In any case, as you can probably tell I’m in pretty high spirits. The PTQ season is about to get rolling, and I’ve got my first one this coming weekend. Zendikar Limited has yet to disappoint, and I feel as though the sealed format in particular is incredibly balanced. There were two MTGO PTQs in the past week, and I skipped both of them. Not because I don’t have “the fire” or anything, but because they were M10 sealed and not Zendikar. With a sealed pool of M10, I feel like I can easily be at a drastic disadvantage against an opponent merely based on the cards he’s opened in his pool as opposed to mine. That said, Zendikar’s true “gamebreaker” bombs are few and far between. Ob Nixilis, Rite of Replication, Hellkite Charger, and Rampaging Baloths (to name a few) are all ridiculous, but they’re very beatable. They’re not Fireball, and they’re not Garruk Wildspeaker. They’re not an Overrun for lethal when you’re clearly outplaying your opponent and miles ahead. I skipped the M10 sealed PTQs because, frankly, I don’t feel confident in paying 30 tix to “hope” my pool can stack up to the competition, whereas with Zendikar I can pilot a solid deck to the Top 8 without having to rely on luck. Did anyone else feel that way about M10, or am I alone here? I mean, I’ve only been playing Limited for a little over a year with kind of regularity, but in that time (and I’ve played a few older blocks on MTGO when they were available) I’ve never seen such a skill-less format than M10 sealed. Needless to say, I’m just biding my time until Zendikar is released on MTGO next month.

However, Limited is not my strength. I can play it better than most people in my area and I am confident that I could Top 8 a Zendikar PTQ, but writing about Limited is difficult for me because I still am learning how to tackle limited formats as opposed to the Constructed formats that I’m normally interested in. That being said, I’ll tend to shy away from Limited-focused articles in this column and instead direct my attention to what I know best. And, in the case of this week’s article, that will be Standard.

As most of you know, there was a StarCityGames.com $5000 Standard Open in Philadelphia this past weekend, and the Top 8 consisted of five Jund decks. There were five Faeries decks in the Top 8 of the Grand Prix in Seattle last spring, and even that was astounding. So what does this tell us? Is Jund the best deck, or merely the most popular? Let’s take a look at the winning list:

Jack’s creature base is pretty much the standard setup, and nothing about his spell slots jump out. I really like Resounding Thunder, as it’s basically just a Banefire that you can happily cascade into without any ill effects. Puncture Blast was always better before rotation, but these days it seems like a natural fit over cards like Magma Spray and Burst Lightning.

The list itself looks very akin to the Jund decks that have been performing well on Magic League, all of which feature Garruk Wildspeaker as a means to gain advantage in creature-based mirror matches. I know I’d personally always prefer to cascade into an Ajani Vengeant off of a Bituminous Blast, but we have to make do with what the mana allows (we certainly can’t be as greedy as we used to be last block). Garruk is an interesting addition to Jund aggro that intrigues me because it generally solves two central issues that the archetype has now that Sygg is gone: continuous threats and lategame staying power. Garruk can spit out 3/3s each turn to keep the pressure on, and most of the control decks in the new fledgling format have a very hard time dealing with planeswalkers outside of Pithing Needle. Against aggressive decks you can use Garruk to pull you above card parity with your opponent by forcing them to trade their creatures for your 3/3 “cards.”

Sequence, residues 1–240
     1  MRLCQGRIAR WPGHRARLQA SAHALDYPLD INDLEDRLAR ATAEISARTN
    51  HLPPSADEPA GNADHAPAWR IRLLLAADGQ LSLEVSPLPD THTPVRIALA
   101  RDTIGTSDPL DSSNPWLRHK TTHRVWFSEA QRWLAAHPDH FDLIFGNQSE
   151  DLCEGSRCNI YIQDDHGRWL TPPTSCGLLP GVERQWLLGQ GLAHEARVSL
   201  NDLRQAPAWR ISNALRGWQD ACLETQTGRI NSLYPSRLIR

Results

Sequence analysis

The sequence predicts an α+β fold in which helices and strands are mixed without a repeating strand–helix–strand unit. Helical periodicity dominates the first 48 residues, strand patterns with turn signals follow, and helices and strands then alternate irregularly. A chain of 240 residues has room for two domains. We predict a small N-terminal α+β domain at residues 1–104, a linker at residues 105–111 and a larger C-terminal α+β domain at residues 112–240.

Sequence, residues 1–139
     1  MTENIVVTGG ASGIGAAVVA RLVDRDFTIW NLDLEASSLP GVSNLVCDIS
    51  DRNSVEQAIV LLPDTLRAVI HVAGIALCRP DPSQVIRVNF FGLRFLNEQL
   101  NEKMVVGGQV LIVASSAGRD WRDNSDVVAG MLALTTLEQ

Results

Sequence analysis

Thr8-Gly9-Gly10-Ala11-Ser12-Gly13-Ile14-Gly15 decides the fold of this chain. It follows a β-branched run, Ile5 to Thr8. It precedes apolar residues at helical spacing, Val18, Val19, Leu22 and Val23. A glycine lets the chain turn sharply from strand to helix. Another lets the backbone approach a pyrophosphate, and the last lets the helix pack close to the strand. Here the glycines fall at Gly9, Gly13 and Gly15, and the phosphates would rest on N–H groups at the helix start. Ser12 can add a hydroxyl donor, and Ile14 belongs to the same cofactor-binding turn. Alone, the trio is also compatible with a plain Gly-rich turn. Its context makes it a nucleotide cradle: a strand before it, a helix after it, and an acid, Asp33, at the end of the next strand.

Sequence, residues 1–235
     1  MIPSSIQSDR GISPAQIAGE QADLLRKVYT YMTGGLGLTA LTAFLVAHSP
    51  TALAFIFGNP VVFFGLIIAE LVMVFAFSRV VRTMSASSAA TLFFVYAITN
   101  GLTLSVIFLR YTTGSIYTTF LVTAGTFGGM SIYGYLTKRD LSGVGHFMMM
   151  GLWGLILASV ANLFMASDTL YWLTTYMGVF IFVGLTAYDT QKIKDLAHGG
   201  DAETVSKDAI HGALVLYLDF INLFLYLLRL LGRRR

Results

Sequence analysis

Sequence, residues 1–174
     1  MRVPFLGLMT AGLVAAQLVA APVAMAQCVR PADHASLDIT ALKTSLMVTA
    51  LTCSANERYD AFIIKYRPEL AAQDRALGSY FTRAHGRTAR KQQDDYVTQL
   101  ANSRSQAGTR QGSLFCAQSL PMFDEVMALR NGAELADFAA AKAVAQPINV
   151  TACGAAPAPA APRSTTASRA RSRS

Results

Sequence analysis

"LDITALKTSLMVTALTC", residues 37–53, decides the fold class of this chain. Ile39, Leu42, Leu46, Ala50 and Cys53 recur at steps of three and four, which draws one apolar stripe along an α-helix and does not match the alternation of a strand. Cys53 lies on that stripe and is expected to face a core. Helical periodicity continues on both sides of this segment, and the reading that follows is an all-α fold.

More interesting still, Garruk pairs very well with Sprouting Thrinax. While the number of creatures in the deck is pretty low for an aggressive deck on average, Garruk’s inclusion makes more sense when you consider that Thrinax splits into three guys when he eats it (though this dude admittedly seems to get hit by Path to Exile way more often than my Finks ever did). And to top it off, who doesn’t want to swing with Broodmate Dragons with +3/+3 and trample? I think it’s safe to say that Garruk will likely become a staple of this archetype moving forward, although I think a number higher than two is definitely the way to go. I find it hard to believe that you’d be displeased to see more than one of them a game, so playing three to four is how I’d go about things.

There are two other cards in the list I’d like to talk about from Jack’s list, but that will be a little later. First, let me say this: I sincerely hope that Jund’s numbers in the Top 8 of this event was merely an overrepresentation of the archetype, and not the actual metagame. I’ve only had the chance to play Standard once outside of testing, but the metagame at that particular event was fairly diverse in terms of aggro and control as well as Jund decks opposed to other aggressive strategies. The format was open, healthy, and fun. If Jund is going to put up numbers like these consistently, then Standard could get pretty awkward. The issue is, nothing about Jund makes it fundamentally better than other decks — it’s just very powerful. That is, each creature is way under the curve for its manacost, and cascade is busted enough that the deck becomes pretty forgiving to its pilot in that it can turn entire games around in the blink of an eye.